Three years ago we became the proud owners of (my first ever pet) our cat, Fox. He's brought me a lot of joy, but loads of lessons too. I wanted to share one with you as I sit here looking across the room at him.
I think you'll enjoy it whether you're a pet owner or not. But first watch this hilarious video on YouTube that exemplifies my point so poignantly.
Lesson #1: Prioritise What's Important
We feed Fox twice a day, he goes to the litter tray twice a day, he drinks water, and loads of it, throughout the day. OK so that's his priorities.
If I want to play with him, he will not permit me to do so in any of his times of 'PRIORITY'. Period.
So how comes my cat has his priorities straight, and as entrepreneurs we, too often, allow our priorities to be skewed by the latest urgencies?
Personally I have multiple businesses around the world, with contractors & staff in at least 8 countries, managers, suppliers, over 500 joint venture partners, affiliates and contacts that we stay in touch with. In addition to that my website www.MarshaWright.com and the mentorship programmes we provide to entrepreneurs all over the world keep me really busy.
I had to learn this principle or Focused Prioritisation; otherwise I would be dead in the water.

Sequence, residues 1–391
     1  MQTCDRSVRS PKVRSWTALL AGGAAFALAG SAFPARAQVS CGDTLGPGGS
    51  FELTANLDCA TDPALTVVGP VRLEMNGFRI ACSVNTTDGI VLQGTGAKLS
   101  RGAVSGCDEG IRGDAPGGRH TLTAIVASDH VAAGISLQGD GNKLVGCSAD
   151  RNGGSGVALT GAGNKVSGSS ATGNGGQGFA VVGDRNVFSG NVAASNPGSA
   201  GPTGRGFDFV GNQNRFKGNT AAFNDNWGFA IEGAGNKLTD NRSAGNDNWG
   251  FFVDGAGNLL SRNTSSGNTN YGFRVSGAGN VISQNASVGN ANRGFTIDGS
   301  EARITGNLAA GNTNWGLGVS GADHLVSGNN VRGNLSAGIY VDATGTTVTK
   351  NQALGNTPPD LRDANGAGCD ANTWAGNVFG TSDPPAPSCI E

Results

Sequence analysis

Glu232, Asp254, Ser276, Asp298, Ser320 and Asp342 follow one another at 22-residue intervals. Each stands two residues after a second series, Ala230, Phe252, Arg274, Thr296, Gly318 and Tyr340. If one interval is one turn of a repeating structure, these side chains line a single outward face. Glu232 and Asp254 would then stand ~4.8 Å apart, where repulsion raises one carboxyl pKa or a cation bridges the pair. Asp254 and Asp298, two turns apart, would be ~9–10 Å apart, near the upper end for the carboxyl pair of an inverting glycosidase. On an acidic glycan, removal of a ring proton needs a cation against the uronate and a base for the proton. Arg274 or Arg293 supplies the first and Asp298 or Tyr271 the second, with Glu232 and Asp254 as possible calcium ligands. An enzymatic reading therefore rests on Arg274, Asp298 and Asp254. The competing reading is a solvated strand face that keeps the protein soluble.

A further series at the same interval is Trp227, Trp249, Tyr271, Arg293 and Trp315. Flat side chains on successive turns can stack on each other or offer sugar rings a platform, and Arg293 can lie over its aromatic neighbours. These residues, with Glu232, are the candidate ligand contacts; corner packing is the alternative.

There are several ways to be much more focused. What I recommend to many of my best clients is to list ALL of the jobs and tasks for which they are responsible (or do because there is insufficient man-power), then look for the 3 KEY THINGS that ONLY they can do, that are ESSENTIAL to the success of the company.
Without these priorities being met, the business will trudge along but lasting and phenomenal success will be a distant achievement.
Then you must DECIDE to reschedule your month to account for these priorities. Make it possible to spend at least 70% of your week on them. And then schedule the other things you cannot yet delegate into slots of downtime. Preferably when you find you are more tired/less productive in the day - or your normal manic days. Keep your 'quiet days' for focused priorities.
Generate new business, close contracts, create better systems... whatever ONLY you can do. Do it and do it most of the time.
Key thing here... BE BRAVE ENOUGH to stick to your priorities, or your bigger picture is going to elude you for a long time to come.
Lesson #2: Don't Be Led By Everything That Comes Up
I always talk about being reactive and the damage that does to businesses, morale and your sanity. Many managers are just way too reactive. They just react to every little thing.
The phone rings, employees guzzle attention for things that don't require your input if they were better trained/prepared, a bill comes in, another issue rears its head.
Whatever it is, you find that you are just reacting constantly. And no eagle-level work every gets done, or indeed very little happens.
Now lesson from Fox...
Fox rarely comes when I call him. He is fairly self-important and doesn't believe in reacting to the minutia of my whims to have him entertain me.